artikel | 13 nov 2020

New Rules on Tariff Rate Quotas for Importing Agricultural Products

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The European Union (EU) uses a system of tariff rate quotas for the import of agricultural products from countries outside the EU. A tariff rate quota allows for a predetermined quantity of certain products to be imported at lower import duty rates than the normal duty rate for a particular type of product. To import at the reduced tariff rate, an importer must apply for allocations within the tariff rate quotas. The EU has now issued new rules for the application for allocations within tariff rate quotas.1  Below is a summary of the key points of the regulations.

  1. VAT registration in the EU

Any entity applying for an import licence must be established within the EU and registered for VAT. 2

  1. Securities

To be eligible for an import licence, the importer must lodge a security.3  Securities are returned to the importer in parts, in proportion to the quantity of products proven to have been imported. The security is proportionally forfeited if an importer fails to import products in accordance with the licence. The entire security is forfeited if the imported products comprise less than 5% of the quantity provided for by the licence. 4

  1. Requirement of prior registration (LORI)

The new regulations stipulate that certain sensitive, high-demand tariff quotas, or quotas for which circumvention has historically occurred, will require registration in an electronic system called LORI before companies can apply for an import licence.5 Registration will require a declaration of independence to ensure that importers cannot circumvent the import quota restrictions through the use of multiple shell companies applying for multiple licences under the same quota. This entails a declaration that the importer is not linked to other parties applying for the same tariff quota number or that each party applying for the same tariff quota number regularly undertakes substantial economic activities.

  1. Reference quantities

Certain sensitive products that are subject to high demand, or for which circumvention has historically occurred, require a reference quantity to be submitted. The reference quantity constitutes a limit above which an importer may not apply for allocation within the tariff quota. The reference quantity is an annual average quantity of products imported during two consecutive 12-month periods ending two months before the application may be submitted. The reference quantity may not exceed 15% of the quantity available under the tariff quota.6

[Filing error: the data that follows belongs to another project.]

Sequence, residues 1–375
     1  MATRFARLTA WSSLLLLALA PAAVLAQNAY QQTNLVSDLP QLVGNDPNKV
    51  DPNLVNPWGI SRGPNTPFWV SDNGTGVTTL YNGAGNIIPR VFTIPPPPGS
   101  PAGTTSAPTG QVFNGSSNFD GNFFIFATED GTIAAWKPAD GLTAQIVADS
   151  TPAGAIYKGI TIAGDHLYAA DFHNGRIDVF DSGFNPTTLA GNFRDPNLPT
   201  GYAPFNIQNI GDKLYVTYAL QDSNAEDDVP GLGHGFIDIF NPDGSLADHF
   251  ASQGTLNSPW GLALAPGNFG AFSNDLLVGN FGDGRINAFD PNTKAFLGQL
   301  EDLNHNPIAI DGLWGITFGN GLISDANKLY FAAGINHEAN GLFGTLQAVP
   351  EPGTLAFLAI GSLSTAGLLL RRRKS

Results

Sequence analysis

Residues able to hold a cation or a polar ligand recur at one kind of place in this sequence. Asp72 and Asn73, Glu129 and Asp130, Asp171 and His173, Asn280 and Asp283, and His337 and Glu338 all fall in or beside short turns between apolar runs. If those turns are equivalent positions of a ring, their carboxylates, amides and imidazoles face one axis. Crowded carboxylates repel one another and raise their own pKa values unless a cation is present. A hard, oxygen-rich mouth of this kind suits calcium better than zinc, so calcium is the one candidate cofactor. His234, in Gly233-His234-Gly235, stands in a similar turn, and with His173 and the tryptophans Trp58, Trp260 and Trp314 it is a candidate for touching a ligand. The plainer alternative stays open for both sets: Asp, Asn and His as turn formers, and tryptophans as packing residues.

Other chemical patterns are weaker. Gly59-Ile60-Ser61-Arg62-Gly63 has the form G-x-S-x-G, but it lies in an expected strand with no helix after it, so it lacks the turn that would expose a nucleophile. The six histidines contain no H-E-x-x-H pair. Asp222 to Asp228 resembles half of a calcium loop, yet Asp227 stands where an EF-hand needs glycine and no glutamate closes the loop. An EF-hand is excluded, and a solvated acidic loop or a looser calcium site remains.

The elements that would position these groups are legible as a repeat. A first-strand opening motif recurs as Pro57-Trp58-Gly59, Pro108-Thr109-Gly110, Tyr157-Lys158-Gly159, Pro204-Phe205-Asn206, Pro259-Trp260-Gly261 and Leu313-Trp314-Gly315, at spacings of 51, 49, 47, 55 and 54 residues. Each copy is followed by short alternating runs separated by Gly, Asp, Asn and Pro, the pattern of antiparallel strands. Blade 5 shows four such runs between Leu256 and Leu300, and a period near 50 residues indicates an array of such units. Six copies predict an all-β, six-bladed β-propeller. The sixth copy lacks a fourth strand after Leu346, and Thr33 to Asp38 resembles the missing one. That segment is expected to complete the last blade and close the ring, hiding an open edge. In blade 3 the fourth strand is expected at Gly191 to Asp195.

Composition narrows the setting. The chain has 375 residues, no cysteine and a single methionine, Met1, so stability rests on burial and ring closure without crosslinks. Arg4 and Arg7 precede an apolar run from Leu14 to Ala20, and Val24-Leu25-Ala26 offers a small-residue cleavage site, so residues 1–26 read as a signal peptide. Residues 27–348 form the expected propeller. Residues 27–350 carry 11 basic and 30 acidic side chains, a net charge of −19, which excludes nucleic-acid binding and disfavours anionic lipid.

In certain cases, the Commission may decide to suspend the reference quantity requirement, for instance if unforeseeable and exceptional circumstances threaten to cause underutilisation of a particular tariff quota.  In such event, the declaration of independence requirement and the requirement of prior registration may also be suspended.7

  1. Proof of trade

If a quota is not subject to reference quantity requirements, a ‘proof of trade’ obligation applies. To be eligible for allocation within a quota, an importer must prove that it has historically imported a minimum quantity of the relevant product to be imported.8

  1. Time limit for licence application

Licence applications must, as a rule, be submitted within the first seven calendar days of the month preceding the start of the tariff quota period, and then continuously during the tariff quota period.9  However, for licences that are valid from 1 January, the application must be submitted between 23 and 30 November of the preceding year.

Parties intending to apply for licences that require prior registration (see section 3 above) must submit their LORI registration at least two months before the month in which the importer intends to submit its licence application.10

  1. Conclusion

The formalities for importing agricultural produce in high-demand categories have increased significantly. Time is of the essence if sufficient applications and registrations have not yet been submitted. Furthermore, the requirement for a declaration of independence may result in alterations to the company structure of large importing companies.

If you require any assistance or advice regarding the new rules on tariff rate quotas for agricultural products or if you simply wish to discuss the new regulations, please do not hesitate to contact us.


1 Two new regulations have been issued: Commission Delegated Regulation (EU) 2020/760 of 17 December 2019 supplementing Regulation (EU) No 1308/2013 of the European Parliament and of the Council as regards the rules for the administration of import and export tariff quotas subject to licences and supplementing Regulation (EU) No 1306/2013 of the European Parliament and of the Council as regards the lodging of securities in the administration of tariff quotas and Commission Implementing Regulation (EU) 2020/761 of 17 December 2019 laying down rules for the application of Regulations (EU) No 1306/2013, (EU) No 1308/2013 and (EU) No 510/2014 of the European Parliament and of the Council as regards the management system of tariff quotas with licences.
2 Article 3.1 of Regulation 2020/760.
3 Article 4 of Regulation 2020/760.
4 Article 5 of Regulation 2020/760 and Article 7 of the Commission Delegated Regulation (EU) 2016/1237 of 18 May 2016 supplementing Regulation (EU) No 1308/2013 of the European Parliament and of the Council.
5 Articles 3.4 and Article 13 of Regulation 2020/760.

Article 9.9 of Regulation 2020/760.
6 Articles 11.5 and 13.3 of Regulation 2020/760.
7 Article 8 of Regulation 2020/760. The minimum quantity for each relevant product is specified in appendices II-XIII of Regulation 2020/761.
8 Article 6 of Regulation 2020/761.
9 Article 13 of Regulation 2020/760.




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